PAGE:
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Articles by David Johnstone:

 

HAUSMANN, Robert       

Born: 1852, 23rd August  (Rottleberode, Saxony-Anhalt, Germany)

Died: 1909

 

This article wishes to bring to public attention the most interesting career of the romantic cellist Robert Hausmann, who can be considered as one of the great chamber-music players of the second half of the nineteenth century. His long-term friendships with Brahms and Joachim undoubtedly marked his artistic path; it is a shame that we have lost so many anecdotes from the times!


ROBERT HAUSMANN was born in 1852, at Rottleberode, in the Harz, and started cello at the ‘Gymnasium’ at Brunswick, benefitting between the years 1861-1867 from the cello teaching of Theodor Muller, who by all accounts advanced him considerably. He then became the leading student of the Berlin High School for Music - the ‘Berlin Hochschule’ was founded in 1869 and Hausmann was one of its first pupils.  During his three years in the school he developed his violoncello studies under the direction of Wilhelm Muller (coincidentally nephew of the Brunswick master just mentioned).  Joseph Joachim was also the violin professor there, and he took the young Hausmann to London, where the cellist met, and then pursued a course of lessons with the great Italian (almost nationalized British!) master Alfredo Piatti. Hausmann later visited Piatti on at his property at Caddenabia (on Lake Como) for extra guidance and advice.

 

Shortly after this Hausmann took an engagement with Count Hochberg, in Silesia, as cellist of the string quartet formed by him, but after this was dissolved, in 1876, he was named second master of Cello playing at the Berlin High School for Music; three years later he rose to the position of first teacher (receiving the title of ‘professor’ in 1884 for his very able work, and succeeding, or perhaps even displacing,  his old teacher Wilhelm Müller), and from that time he fulfilled the duties alone in his own department.

  

Hausmann was a celebrated soloist and chamber musician who played an active role in the musical life of London as well as of the Continent. His greatest chamber role was undoubtedly in the Joachim Quartet, but before that he had gained considerable experience in the Dresden String Quartet. He was a member of the Joachim quartet for almost twenty years; he had joined the Joachim Quartet in 1878 succeeding, once again, Wilhelm Müller, and stayed with them until the violinist's death in 1907. His friendship and understanding with Joachim was to play a decisive role in his artistic evolution.  By the way, it should be made clear that the Joachim Quartet in London was a different group, of which Piatti was the cellist; the London ensemble performed regularly at the famed Monday and Saturday Popular Concerts, and this quartet is remembered for performing the late Beethoven string quartets for the first time in public in London.


As a performer, fortunately a far amount has been documented about him. Although he never used an end-pin he was known for his powerful sound, which was once compared to that of a trombone, and that being meant in a positive sense! This obviously was an advantage for Hausmann in playing a work like the Brahms F major Sonata, particularly in the passages where Brahms could imagine trombones treating themes “threateningly in a Schubertian manner”. As is always repeated, he was an excellent quartet player, which should be highly evident from the fact that Joachim chose him as his usual quartet associate. However, he was also a distinguished solo player, with many invitations. Whilst maybe not being renowned as a high virtuoso he was nether-the-less widely regarded as one of the most eminent masters of his instrument.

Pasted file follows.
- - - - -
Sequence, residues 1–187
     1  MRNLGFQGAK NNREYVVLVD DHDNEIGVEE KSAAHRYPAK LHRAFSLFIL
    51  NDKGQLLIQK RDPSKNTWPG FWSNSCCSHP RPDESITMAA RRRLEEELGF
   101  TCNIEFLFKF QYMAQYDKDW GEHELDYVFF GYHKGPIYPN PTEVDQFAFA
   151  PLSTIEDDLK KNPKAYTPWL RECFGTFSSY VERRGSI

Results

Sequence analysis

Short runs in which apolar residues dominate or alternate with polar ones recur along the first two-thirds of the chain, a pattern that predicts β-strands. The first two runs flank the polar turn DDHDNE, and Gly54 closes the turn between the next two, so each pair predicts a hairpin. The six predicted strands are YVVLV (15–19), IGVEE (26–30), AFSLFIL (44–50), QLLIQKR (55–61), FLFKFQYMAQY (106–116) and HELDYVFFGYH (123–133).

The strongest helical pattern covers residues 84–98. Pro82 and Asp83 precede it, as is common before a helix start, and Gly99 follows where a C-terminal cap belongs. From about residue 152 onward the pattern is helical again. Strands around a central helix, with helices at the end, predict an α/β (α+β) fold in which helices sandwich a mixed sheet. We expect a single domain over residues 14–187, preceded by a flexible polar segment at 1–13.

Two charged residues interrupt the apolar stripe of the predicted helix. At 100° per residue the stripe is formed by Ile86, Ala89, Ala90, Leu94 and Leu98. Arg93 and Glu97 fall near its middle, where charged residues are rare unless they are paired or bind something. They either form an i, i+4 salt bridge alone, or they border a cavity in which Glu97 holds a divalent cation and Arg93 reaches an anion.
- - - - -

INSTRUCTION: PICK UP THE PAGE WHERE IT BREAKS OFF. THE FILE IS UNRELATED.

It is exceedingly difficult to find details about Hausmann’s own compositions, though we might ascertain that they were Germanically based, and received a certain publicity from the ‘Brahms school’.  The only works that I have been able to undercover have been the 3 Easy Sonatinas for violin and piano, Op.10, and the series of cello pieces  ‘Siluetas’, Opus 41 –  of which one piece,  called ‘Morning’,  was dedicated to  Karl Davidov (it is worth pointing out that Davidov held Hausmann in very high esteem indeed). The very fact that he arrived at opus 41 shows that he clearly had a compositional impulse, even though these very compositions appear to have been performed very rarely even in his lifetime.

 

Hausmann was not especially noted for coaxing or ‘badgering’ new compositions out of composers, but he was given several important tasks in this respect, especially from Johannes Brahms. It was he who made Brahms' E-minor sonata widely known and appreciated, through numerous performances of it with the composer. According to Elisabet von Herzogenberg, Hausmann was "crazy with excitement" when he received the new F major Sonata, Op.99 . Composed in the summer of 1886 at Thun, the Sonata (of course, dedicated to Hausmann) was first performed on November 24, 1886 by the cellist with Brahms himself at the piano, at Hausmann's concert in the Kleiner Musikvereinssall, Vienna. He was also to be the soloist, with Joachim, in the premiere of the Double Concerto, Op. 102. The story of this concerto work is that the long friendship between Brahms and Joachim was interrupted when Brahms unintentionally contributed to the dismissal of charges against Joachim's wife for adultery with the music publisher Simrock.  Clara Schumann reconciled the old friends, with Joachim and the cellist, Hausmann, premiering the Brahms Double Concerto. Regarding the compositional stage we know:  "I have been of late unable to resist the idea of a Concerto for violin and cello, however much I have tried, again and again, to talk myself out of it," – at least this is what Johannes Brahms was reported to have told violinist Joseph Joachim in July 1887. The Double Concerto was to be his last orchestral work; a fitting end to resolving his differences with Joachim and the delivery of a promised concerto to Hausmann.